Journalists pressured to censor themselves
The country seems pluralistic but this is just a facade. There is a score of privately-owned TV stations, a similar number of newspapers and around 40 radio stations, but all are under strong pressure to censor themselves and many are owned by government allies. Since 2014, several journalists have been threatened, forced to flee the country or summarily deported for criticizing the government or inviting opposition politicians to express their views. During the 2016 presidential election, the Internet was disconnected to prevent journalists and activists from verifying and challenging the results.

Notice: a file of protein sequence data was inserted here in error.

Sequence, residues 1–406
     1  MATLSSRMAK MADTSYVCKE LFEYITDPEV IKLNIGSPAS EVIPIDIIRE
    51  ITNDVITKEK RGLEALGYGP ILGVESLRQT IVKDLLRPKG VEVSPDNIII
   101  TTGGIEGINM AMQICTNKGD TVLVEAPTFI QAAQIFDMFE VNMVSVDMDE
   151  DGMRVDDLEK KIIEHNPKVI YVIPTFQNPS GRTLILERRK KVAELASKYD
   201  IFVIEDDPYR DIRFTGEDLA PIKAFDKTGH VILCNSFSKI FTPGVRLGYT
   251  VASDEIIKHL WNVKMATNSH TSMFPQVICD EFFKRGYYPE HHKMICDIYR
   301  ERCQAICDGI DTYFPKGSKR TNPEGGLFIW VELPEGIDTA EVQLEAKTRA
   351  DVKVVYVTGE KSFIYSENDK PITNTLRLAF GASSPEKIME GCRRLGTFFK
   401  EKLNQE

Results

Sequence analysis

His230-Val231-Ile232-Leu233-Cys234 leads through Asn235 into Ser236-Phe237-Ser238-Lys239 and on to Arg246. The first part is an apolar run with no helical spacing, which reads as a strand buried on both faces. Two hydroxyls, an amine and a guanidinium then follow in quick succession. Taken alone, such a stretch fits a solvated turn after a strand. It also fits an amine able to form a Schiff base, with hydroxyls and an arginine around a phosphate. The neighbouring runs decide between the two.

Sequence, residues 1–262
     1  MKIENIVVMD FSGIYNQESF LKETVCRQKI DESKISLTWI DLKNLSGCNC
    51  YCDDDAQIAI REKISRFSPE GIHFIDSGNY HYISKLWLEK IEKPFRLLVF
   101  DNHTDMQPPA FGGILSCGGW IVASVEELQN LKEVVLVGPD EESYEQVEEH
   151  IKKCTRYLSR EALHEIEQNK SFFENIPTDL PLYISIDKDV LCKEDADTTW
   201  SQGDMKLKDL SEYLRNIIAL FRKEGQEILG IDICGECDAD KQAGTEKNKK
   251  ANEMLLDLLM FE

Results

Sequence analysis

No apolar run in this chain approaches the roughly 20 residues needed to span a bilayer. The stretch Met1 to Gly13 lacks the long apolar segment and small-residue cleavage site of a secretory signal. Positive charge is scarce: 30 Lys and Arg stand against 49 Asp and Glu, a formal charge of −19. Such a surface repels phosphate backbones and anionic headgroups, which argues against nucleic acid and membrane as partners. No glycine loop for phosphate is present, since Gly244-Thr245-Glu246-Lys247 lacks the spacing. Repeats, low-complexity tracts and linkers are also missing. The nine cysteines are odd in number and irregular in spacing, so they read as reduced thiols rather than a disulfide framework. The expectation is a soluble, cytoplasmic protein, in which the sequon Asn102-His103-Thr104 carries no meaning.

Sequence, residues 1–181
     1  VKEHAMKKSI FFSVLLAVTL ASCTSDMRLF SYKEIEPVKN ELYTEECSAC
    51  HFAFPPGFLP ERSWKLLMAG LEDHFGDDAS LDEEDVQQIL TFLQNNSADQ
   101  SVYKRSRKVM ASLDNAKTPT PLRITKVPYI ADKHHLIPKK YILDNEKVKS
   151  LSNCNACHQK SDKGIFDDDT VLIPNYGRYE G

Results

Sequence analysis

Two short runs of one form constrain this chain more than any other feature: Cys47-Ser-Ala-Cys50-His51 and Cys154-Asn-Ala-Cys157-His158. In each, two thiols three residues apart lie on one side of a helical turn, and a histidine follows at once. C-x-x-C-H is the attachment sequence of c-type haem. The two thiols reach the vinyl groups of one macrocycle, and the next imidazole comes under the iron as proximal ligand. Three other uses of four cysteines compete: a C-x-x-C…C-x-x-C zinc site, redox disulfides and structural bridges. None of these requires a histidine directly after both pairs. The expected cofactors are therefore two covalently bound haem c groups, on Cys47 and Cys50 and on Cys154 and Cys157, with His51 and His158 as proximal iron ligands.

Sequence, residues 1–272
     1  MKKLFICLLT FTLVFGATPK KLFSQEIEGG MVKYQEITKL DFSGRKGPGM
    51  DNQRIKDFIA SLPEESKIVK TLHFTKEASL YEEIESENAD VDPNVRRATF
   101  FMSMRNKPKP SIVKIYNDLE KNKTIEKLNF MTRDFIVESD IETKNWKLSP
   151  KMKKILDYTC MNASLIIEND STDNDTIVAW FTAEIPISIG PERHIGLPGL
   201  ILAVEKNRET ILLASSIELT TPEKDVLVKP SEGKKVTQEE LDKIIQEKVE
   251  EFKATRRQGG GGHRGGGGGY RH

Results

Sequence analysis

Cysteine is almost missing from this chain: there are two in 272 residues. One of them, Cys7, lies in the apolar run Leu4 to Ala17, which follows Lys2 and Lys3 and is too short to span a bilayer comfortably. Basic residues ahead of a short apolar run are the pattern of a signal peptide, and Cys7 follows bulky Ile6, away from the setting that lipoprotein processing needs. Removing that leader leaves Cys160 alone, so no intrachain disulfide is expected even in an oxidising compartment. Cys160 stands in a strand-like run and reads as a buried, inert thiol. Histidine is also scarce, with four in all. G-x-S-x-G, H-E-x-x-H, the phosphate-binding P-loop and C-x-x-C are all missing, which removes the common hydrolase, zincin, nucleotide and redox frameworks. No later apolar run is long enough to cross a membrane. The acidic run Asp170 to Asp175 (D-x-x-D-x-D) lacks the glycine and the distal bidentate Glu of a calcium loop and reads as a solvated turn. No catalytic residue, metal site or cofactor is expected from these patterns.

After being held for 18 months, newspaper editor Ghys Fortuné Bemba was finally freed in 2018. In 2018, the media regulator helped to obtain the release of several journalists arrested the year before but its president accused the country’s journalists of “tending to destabilize the state.” It is not unusual for arbitrary sanctions to be imposed on the media, especially when they criticize the government or its allies. This was seen yet again in 2019 when a weekly was ordered to reveal its sources and to cease its investigative reporting on the national civil aviation agency. The lack of state support increases the precarity of the media and several media outlets have had to close in recent years, including two TV channels in 2019.
117 in 2019
36.04 in 2019